What are the treatments for equine pinworms?
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Equine pinworms are parasites that live in the large intestines of horses. At night the females lay eggs on the skin around the rectum. These eggs can fall off the host and contaminate pastures where they are ingested by other horses. While not particularly harmful, pinworms do cause irritation.
The glue on the eggs causes the horse to rub its tail and may lead to hair loss and sores. Pinworms can usually be controlled by dewormers along with sanitation of the stable.
There are three main classes of dewormers. Benzimidazoles contain active ingredients such as fenbendazole, oxfendazole, oxibendazole or febantel. They are extremely safe and effective for treating pinworms when administered properly. However, they have been known to lead to parasite resistance. Tetrahydropyrimidines containing pyrantel salts are another effective chemical dewormer. A third class of dewormer, avermectins, contain the active ingredient ivermectin. They are up to 100 per cent effective against pinworms as well as other internal parasites.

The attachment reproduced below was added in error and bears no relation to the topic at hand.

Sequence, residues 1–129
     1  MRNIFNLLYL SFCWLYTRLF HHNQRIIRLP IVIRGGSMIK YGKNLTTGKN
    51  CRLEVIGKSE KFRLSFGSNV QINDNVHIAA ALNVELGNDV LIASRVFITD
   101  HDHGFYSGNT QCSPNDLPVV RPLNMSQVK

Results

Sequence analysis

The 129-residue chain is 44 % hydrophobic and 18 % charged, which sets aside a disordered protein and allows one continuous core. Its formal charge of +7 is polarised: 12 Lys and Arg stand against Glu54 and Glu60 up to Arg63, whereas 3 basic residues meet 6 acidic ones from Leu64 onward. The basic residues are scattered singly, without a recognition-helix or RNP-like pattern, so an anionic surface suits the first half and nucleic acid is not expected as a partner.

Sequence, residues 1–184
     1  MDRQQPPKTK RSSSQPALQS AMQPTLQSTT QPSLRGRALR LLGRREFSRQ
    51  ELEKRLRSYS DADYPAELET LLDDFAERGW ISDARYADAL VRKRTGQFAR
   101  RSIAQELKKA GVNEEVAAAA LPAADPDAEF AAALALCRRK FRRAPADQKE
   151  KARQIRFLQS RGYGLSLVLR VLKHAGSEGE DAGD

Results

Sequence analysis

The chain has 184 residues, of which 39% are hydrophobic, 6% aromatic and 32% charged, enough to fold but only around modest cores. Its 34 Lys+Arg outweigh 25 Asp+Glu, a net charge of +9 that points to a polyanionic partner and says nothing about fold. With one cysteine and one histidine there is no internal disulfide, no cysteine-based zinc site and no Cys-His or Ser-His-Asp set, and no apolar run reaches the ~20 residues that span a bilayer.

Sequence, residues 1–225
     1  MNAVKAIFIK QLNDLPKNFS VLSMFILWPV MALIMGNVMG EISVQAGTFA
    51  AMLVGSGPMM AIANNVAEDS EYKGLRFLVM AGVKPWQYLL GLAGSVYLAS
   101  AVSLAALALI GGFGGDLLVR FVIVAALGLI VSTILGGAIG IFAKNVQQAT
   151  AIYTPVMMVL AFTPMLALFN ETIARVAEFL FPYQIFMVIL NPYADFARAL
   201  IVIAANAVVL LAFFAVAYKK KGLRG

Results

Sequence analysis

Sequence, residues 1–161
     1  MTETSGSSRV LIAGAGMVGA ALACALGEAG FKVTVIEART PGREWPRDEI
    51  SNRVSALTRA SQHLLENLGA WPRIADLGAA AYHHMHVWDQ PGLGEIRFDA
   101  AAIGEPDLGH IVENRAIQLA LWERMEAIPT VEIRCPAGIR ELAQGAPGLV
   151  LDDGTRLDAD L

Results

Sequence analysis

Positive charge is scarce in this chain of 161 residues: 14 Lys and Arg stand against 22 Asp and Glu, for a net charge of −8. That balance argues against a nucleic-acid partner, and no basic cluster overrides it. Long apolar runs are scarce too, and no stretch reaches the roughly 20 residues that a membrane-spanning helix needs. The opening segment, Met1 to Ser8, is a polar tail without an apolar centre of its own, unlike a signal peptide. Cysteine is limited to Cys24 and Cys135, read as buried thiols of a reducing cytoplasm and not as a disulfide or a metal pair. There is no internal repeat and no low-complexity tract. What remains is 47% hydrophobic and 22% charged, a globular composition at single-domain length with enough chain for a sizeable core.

When your vet has diagnosed pinworms, discuss the treatment options and schedules. One schedule may involve treatment with a dewormer four to six times a year. Since temperatures above 29 degrees C (85F) kill most larvae, it is not necessary to provide treatment during the hot summer months. A second schedule calls for daily deworming with a low-dose feed. In addition to the feed, use another class of dewormer one or two times throughout the year. A final protocol calls for targeting the horses that are infecting the herd. After a fecal egg count test determines which animals are infected, treat those horses with the recommended chemical dewormer. Alternate the class of dewormer you use to prevent parasite resistance. Treat foals every 30 to 60 days in their first year.
An important aspect of pinworm treatment is maintaining sanitary conditions. Prevent overcrowding of pastures so parasite infested manure doesn't build up. Remove manure daily and compost it or spread it in ungrazed areas. Rotate pastures if possible. Drag pastures during hot summer months when the sunlight can kill the larvae. Avoid ground feeding by using bunks or mangers, and make sure the water supply is clean. Since pinworm eggs are lightweight, they can become airborne and contaminate a stable. When treating a pinworm infestation, be sure to carefully clean the stable and surrounding areas.
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